A Dark Source for our Familiar Myths

Just a quick comment on this fascinating story up at the newscientist about the  possible dark matter original of our familar bright constellation stars. I’m quite interested in astronomy and I didn’t know that most of the bright stars that make up the most familiar constellations in our skies (Orion, canis major, the souther cross, perseus, scorpius etc) are part of an identifiable belt of large, young, hot stars (this is astronomy people not hollywood, calm down!) that are not part of the normal spiral structure of our galaxy.  They can be identified as a seperate line of stars formed at an odd angle to the plane of the galaxy, its called Gould’s belt, and astronomers are still not sure why its there.

So, that’s the first interesting thing.  The second thing is that there is a theory gaining more and more credibility that Gould’s belt was formed by a cloud of dark matter passing through our galaxy, get this, around 30 million years ago.  If that doesn’t blow you mind you need to go refresh you memory about the ages of planets, stars, galaxies etc.  Thirty million years is literally nothing in astronomical terms.  The dinosaurs died out twice as long ago as this.  Which means the dinosaurs wouldn’t have seen Orion in the sky.  (Of course, the stars also move, so the constellations would have been very different millions of years ago, but these bright stars weren’t even born at that time).  The thing that seems fascinating about it is the possibility that all of these stars were created at once due to the impact of a passing cloud of dark matter.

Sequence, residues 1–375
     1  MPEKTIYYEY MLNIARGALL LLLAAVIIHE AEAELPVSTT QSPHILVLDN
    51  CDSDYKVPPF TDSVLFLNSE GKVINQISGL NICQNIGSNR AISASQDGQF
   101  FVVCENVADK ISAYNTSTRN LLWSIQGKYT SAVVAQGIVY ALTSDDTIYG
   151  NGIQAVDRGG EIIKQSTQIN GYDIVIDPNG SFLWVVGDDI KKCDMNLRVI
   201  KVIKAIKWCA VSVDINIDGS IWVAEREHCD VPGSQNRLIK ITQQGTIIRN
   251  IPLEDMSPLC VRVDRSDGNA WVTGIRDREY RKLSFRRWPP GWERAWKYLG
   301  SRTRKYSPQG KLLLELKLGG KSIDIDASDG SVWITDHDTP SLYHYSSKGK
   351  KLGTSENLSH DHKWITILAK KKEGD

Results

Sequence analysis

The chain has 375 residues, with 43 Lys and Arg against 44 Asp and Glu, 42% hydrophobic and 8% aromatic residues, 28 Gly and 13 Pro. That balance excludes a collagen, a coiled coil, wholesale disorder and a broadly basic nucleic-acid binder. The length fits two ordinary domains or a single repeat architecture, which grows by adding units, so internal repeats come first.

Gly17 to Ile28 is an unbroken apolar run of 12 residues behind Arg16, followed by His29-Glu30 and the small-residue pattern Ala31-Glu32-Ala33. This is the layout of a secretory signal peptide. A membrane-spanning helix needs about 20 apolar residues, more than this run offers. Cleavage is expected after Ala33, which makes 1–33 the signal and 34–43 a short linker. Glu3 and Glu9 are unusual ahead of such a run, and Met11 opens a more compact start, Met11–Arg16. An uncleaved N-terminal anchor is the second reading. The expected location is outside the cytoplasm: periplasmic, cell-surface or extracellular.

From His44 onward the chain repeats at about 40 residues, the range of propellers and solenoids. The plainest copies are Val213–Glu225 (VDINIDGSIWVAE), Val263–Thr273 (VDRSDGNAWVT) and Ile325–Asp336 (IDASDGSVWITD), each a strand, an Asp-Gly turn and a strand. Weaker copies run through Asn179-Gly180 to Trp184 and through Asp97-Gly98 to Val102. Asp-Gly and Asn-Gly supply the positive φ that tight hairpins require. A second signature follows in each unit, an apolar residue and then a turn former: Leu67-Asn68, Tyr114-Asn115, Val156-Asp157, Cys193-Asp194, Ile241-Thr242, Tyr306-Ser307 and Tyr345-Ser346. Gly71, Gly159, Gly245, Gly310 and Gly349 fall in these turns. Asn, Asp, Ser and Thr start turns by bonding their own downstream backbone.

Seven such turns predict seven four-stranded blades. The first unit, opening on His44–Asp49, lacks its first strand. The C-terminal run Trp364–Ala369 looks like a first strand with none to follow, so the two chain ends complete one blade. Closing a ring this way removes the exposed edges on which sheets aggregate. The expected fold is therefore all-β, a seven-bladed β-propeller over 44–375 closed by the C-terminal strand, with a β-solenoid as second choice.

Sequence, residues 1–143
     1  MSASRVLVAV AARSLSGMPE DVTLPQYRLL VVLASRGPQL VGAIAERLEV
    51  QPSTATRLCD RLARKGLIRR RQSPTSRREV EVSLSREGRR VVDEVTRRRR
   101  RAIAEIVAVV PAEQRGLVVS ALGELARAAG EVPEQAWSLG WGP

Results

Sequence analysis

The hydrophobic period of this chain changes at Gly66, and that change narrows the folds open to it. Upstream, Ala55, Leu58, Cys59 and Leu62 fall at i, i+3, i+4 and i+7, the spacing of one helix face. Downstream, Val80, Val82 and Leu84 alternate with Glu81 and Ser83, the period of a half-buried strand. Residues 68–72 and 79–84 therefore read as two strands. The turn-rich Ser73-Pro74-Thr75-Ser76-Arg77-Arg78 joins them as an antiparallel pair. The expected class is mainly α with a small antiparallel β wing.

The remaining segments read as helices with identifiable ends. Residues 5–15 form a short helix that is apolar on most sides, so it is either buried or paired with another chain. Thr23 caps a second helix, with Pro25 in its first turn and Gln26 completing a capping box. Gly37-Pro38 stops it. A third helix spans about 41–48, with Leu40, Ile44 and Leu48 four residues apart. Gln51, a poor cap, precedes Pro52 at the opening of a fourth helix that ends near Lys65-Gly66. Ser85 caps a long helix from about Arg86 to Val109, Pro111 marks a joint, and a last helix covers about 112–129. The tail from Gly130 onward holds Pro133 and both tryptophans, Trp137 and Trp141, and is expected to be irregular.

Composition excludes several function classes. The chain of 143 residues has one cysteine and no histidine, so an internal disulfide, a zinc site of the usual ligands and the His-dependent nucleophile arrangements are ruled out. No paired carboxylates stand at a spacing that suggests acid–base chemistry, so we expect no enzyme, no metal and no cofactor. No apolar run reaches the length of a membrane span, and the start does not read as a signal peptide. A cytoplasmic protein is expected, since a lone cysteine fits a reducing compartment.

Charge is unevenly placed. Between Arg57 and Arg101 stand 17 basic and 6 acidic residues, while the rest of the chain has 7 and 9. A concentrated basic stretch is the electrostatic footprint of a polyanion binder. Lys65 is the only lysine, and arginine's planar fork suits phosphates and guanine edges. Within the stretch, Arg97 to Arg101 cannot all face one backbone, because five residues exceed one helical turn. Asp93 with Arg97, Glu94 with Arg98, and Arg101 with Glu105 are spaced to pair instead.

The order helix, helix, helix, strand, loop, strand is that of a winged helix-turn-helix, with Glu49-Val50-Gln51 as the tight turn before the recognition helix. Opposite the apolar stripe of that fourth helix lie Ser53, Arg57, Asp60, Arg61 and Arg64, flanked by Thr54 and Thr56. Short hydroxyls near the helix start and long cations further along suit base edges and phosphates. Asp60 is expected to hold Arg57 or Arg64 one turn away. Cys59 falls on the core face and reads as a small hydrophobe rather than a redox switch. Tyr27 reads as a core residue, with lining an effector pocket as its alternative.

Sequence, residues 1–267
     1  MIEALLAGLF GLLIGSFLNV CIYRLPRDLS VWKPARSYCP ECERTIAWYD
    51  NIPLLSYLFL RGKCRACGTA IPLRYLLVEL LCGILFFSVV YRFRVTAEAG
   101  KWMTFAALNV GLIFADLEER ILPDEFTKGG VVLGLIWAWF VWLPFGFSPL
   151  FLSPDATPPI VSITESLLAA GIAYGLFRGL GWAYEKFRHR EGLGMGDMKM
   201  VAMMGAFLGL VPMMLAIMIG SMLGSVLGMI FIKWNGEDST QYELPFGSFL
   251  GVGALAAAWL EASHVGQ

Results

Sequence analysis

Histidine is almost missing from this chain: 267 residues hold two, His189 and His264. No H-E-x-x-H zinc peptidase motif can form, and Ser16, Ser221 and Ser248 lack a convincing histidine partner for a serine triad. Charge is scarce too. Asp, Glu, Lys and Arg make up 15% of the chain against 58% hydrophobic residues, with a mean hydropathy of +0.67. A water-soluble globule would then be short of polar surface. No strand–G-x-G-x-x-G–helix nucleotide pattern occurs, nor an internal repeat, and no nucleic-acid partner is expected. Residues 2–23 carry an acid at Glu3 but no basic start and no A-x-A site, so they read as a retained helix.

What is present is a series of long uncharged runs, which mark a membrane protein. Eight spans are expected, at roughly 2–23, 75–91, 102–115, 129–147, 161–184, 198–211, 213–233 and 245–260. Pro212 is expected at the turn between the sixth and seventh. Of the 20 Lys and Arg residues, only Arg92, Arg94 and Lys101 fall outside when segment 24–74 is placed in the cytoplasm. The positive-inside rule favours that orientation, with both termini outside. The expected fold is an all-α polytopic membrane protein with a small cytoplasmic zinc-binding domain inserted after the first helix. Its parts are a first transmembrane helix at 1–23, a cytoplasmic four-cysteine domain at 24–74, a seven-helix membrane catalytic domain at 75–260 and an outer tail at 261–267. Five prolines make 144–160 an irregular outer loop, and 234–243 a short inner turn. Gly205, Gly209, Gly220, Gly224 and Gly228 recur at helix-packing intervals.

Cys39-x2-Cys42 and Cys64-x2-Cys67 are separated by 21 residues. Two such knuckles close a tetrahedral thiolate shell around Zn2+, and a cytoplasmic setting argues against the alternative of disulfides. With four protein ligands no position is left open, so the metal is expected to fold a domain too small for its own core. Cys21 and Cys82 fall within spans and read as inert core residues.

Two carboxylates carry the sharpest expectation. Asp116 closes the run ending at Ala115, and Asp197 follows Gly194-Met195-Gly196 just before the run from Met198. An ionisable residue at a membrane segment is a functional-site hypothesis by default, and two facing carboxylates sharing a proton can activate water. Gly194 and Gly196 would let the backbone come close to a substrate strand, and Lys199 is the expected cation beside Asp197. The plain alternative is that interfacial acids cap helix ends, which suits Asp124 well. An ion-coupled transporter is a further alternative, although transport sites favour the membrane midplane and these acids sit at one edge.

This is important culturally and scientifically.  Culturally, these bright stars form the backbone of the constellations that were incredibly influential in the formation of human culture.  The Egyptians and the Greeks (for example) would surely have found other things to look at if they were not there, but the sky would have been significantly less interesting without the stars of Gould’s belt.

Scientifically, it turn out that these bright stars may help us locate a nearby cloud of passing dark matter that can be studied because, oh yeah, we have absolutely no idea what dark matter actually is.

Anyways, I just thought it makes a good story, it ties together our modern attempts to understand the makeup of the universe with our ancient attempts to understand the makeup of the universe.  The great Orion  and Perseus may yet lead us to the ultimate Truths.

%d bloggers like this: